Oracle to Deprecate Java Browser Plugin in 2017

| by Charles Humble Follow 558 Followers on Jan 28, 2016. Estimated reading time: 1 minute |

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Oracle has announced that it will deprecate the Java browser plugin as part of the JDK 9 release now expected in 2017. The deprecated technology will be completely removed from the Oracle Java Development Kit (JDK) and Java Runtime Environment (JRE) in a future Java release, but Oracle is yet to indicate which one.

The vendor suggests Java Web Start as one alternative to applets for organisations that still need client-side Java, and has published a whitepaper to help with migration.

The plugin certainly won’t be missed by many end users. As well as the large number of security issues it was responsible for, there was a wide variety of “foistware" included with the installer, a practice started by Sun Microsystems in 2005. At various times, the Google toolbar, Microsoft’s MSN toolbar, McAfee security, the Yahoo toolbar and, most infamously, the Ask toolbar were all bundled with Java.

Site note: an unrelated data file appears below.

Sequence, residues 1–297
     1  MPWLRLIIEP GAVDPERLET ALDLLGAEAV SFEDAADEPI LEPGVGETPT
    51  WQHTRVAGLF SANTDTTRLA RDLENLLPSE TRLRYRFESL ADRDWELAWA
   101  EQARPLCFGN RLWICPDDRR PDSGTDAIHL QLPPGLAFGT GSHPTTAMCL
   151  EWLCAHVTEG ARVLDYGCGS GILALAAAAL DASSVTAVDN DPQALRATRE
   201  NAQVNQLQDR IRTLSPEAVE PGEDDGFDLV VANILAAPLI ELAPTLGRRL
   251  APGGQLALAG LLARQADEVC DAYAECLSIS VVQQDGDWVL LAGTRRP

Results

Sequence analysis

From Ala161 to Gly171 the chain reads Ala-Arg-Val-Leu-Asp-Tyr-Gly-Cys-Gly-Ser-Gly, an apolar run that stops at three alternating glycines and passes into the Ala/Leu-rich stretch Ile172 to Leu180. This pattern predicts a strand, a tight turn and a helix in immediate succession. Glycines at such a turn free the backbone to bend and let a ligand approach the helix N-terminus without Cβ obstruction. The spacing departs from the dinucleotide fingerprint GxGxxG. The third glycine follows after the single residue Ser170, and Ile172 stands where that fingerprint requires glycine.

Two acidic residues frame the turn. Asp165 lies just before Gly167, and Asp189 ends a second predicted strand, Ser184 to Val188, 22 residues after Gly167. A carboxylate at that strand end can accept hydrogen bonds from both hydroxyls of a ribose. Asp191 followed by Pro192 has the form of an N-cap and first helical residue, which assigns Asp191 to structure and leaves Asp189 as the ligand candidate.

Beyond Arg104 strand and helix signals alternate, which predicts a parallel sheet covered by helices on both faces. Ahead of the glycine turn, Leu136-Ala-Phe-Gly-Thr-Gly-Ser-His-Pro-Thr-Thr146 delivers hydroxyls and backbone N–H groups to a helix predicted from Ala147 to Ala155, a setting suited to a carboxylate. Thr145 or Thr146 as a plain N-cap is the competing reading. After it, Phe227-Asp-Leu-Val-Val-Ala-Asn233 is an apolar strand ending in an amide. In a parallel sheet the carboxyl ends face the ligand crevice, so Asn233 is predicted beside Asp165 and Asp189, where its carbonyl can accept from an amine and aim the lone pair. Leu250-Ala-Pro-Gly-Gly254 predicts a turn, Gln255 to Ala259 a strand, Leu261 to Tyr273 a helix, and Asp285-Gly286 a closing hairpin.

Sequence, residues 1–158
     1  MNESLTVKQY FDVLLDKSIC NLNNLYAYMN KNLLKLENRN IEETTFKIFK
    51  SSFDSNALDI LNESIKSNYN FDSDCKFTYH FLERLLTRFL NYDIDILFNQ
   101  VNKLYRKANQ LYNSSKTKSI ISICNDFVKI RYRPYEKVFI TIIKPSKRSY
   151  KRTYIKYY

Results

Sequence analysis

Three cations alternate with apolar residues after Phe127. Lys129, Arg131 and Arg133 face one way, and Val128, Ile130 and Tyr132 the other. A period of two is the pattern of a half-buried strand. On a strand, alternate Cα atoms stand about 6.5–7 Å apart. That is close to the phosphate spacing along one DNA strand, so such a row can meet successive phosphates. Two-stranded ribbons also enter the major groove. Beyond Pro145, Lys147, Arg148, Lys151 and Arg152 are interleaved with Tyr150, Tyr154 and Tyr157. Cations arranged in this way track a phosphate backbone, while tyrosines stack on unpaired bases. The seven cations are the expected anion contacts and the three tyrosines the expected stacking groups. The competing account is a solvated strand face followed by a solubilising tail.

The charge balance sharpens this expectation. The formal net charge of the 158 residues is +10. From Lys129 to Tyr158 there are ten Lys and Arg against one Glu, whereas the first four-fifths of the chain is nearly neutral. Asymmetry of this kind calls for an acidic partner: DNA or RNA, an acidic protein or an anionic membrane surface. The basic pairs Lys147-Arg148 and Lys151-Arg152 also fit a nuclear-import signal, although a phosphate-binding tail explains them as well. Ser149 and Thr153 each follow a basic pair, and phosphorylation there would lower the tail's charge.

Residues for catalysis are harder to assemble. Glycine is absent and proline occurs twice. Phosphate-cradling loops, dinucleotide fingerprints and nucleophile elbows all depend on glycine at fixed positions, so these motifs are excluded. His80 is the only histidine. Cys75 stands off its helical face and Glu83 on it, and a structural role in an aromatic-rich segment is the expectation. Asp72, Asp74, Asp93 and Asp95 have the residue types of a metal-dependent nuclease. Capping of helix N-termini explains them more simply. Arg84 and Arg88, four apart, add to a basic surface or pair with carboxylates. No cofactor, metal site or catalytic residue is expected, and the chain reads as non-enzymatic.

Ask was particuarly difficult to avoid since users had to remember to opt out of installing it every single time they installed an update, with frequent security problems making these updates common. It proved so unpopular that a petition asking Oracle to unbundle it garnered over 21,000 signatures, including from well known industry figures like Joshua Bloch. Oracle partially addressed these concerns in July 2014 by adding a configuration option that suppresses third-party bundled software.

For their part, browser-makers have become wary of plugins with incident after incident highlighting the most well known ones - Java and Flash - as widely exploited attack vectors. Google started deprecating browser plugins in Chrome last April with Mozilla announcing similar plans in July. Microsoft’s latest Edge browser also lacks plugin support.

Oracle’s move is welcome, but until Adobe announces end-of-life for Flash the problems of plugin security will persist.

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